The direct normal component of the solar resource is variable in time and space. The value of the DNI incident on a site varies throughout the day and depends on the climate of the location. Its value has a deterministic and a stochastic component. The deterministic component is caused by the apparent daily motion of the sun in the sky and the Earth-Sun distance. This component can be calculated by means of the Earth-Sun geometrical equations. The stochastic and less predictable component is caused by several agents but the main one is the motion of the clouds. Clouds have a stochastic behavior difficult to forecast at high temporal resolutions. In the absence of clouds, the atmospheric components such as aerosols also have an influence, although these parameters are slowly varying and do not significantly influence solar radiation at high temporal resolutions. Both agents are dependent on the climatic features of the area and, for high resolutions, on the microclimatic features of the location. So, the variability of the DNI could be quantified through estimating dispersion during a specific period (temporal variability) or over a specific area (spatial variability).
The variability can be expressed as the coefficient of variation (COV) for variables having a normal distribution, as the variance for any other known statistical distribution, or as the interquartile range when the distribution is unknown. COV is obtained by dividing the standard deviation by the mean of the population or sample (Sengupta et al., 2017).
In the feasibility stage, an annual dataset of DNI values, or Typical Solar Years (TSYs) (Lara-Fanego et al., 2016), is developed through a long-term dataset of measurements or modelled data. This dataset should statistically represent the solar resource behavior at the selected site, and therefore the temporal variability of the site. The inter-annual variability of the location can help to evaluate how long the reference dataset should be recommended, although a dataset as long as possible is desirable, in general, a minimum of 10 years is commonly accepted. So, the inter-annual variability is used to evaluate the uncertainty of the RSY dataset and, as a consequence, the representative annual production of the plant. On the other hand, when a long-term dataset is not available on-site, temporal variability at higher resolutions (monthly and daily) is also required to produce DNI long-term series (multiyears).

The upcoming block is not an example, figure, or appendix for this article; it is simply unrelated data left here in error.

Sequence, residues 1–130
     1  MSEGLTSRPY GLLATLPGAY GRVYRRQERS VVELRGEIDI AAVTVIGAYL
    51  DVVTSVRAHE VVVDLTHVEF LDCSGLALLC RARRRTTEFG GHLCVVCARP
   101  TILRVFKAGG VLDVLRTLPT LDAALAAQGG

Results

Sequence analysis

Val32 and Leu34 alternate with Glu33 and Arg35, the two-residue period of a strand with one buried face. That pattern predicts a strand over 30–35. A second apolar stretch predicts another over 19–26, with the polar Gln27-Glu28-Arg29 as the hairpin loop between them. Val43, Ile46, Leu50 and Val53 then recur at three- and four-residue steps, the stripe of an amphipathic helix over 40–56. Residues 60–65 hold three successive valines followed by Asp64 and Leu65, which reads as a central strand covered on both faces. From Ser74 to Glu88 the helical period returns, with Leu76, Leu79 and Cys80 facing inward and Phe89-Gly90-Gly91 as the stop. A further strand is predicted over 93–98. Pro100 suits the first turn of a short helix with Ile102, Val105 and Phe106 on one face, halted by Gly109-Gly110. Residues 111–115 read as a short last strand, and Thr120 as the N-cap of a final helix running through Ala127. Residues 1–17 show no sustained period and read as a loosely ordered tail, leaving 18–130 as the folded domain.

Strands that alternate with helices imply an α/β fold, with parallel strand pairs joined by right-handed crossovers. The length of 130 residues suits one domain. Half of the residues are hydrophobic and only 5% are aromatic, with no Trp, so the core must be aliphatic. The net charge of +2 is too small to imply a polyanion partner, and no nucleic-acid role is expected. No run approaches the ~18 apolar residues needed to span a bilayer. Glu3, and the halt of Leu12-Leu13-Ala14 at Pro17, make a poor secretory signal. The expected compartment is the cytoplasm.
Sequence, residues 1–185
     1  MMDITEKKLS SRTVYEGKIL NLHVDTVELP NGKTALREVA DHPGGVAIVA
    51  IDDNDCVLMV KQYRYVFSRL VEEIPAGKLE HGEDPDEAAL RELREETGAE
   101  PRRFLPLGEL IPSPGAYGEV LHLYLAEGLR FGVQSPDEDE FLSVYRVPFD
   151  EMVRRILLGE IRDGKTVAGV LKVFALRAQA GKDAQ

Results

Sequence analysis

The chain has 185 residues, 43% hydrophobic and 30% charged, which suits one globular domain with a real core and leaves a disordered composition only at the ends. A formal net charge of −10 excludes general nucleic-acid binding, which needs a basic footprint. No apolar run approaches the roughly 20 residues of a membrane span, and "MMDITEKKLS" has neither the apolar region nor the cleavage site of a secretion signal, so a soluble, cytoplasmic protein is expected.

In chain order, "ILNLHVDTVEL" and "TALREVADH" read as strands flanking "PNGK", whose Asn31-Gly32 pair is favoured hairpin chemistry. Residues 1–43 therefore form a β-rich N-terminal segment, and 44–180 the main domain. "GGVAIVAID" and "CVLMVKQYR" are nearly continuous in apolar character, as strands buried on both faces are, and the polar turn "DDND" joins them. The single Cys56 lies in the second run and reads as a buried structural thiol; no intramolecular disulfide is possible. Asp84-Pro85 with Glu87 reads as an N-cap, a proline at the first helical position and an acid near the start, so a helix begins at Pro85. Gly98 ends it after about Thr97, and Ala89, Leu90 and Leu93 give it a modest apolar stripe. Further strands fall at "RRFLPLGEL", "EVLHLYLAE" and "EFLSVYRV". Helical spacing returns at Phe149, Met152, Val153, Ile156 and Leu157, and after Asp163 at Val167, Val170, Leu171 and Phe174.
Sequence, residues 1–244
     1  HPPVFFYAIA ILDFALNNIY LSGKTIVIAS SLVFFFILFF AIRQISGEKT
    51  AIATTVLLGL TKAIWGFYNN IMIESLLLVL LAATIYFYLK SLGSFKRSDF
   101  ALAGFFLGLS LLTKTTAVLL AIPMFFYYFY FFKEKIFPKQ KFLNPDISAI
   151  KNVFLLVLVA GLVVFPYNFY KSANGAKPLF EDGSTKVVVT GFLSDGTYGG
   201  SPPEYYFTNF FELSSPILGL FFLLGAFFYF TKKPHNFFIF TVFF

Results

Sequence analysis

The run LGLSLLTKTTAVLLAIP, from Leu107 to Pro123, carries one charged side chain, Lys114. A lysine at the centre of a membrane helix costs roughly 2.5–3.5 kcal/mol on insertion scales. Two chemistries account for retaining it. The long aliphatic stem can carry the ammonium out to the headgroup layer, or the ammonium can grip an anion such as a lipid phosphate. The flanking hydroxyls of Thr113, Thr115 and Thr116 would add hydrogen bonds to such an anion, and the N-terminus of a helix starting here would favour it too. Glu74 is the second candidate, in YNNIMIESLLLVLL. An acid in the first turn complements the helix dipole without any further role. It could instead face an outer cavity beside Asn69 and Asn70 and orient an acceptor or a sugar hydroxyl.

The recommended features for the solar radiation variability for this application are the following:
- Solar radiation variables for the variability assessment: DNI.
- Time resolution: annual.
- Spatial resolution: on site data.
- Period of records: >10 years.
|Proyect developers needs at diferent plant stages||Other users|
|Category of product service||(A) Pre-feasibility||(B) Feasibility & Design||(C) Due Diligence Financing||(D) Plant Accep-tance Test||(E) Systems or Plant Operations||(F) Grid operators||(G) Policy makers||(H) Education / Outreach|
|SOLAR RADIATION VARIABILITY||✅||✅||✅||❌||❌||✅||✅||✅|
DNI variability maps
In the context of a Solar Energy project, the spatial variability of the DNI is mainly used in the pre-feasibility stage to assess the suitability of datasets from nearby locations when a quality dataset on-site is not available.
Time series variability
The time variability is used in different stages of the project and for different time resolutions, from annual to daily resolution. As the stages of the project progress, the resolution of the variability evaluated increases. Figure 9 shows how the variability of a GHI time series at a North American location varies depending on the integration time (Perez et al., 2016).
The relevant features for the solar radiation variability are:
- Solar radiation variables for the variability assessment.
- Time resolution (from annual to hourly).
- Spatial resolution.
- Period of records.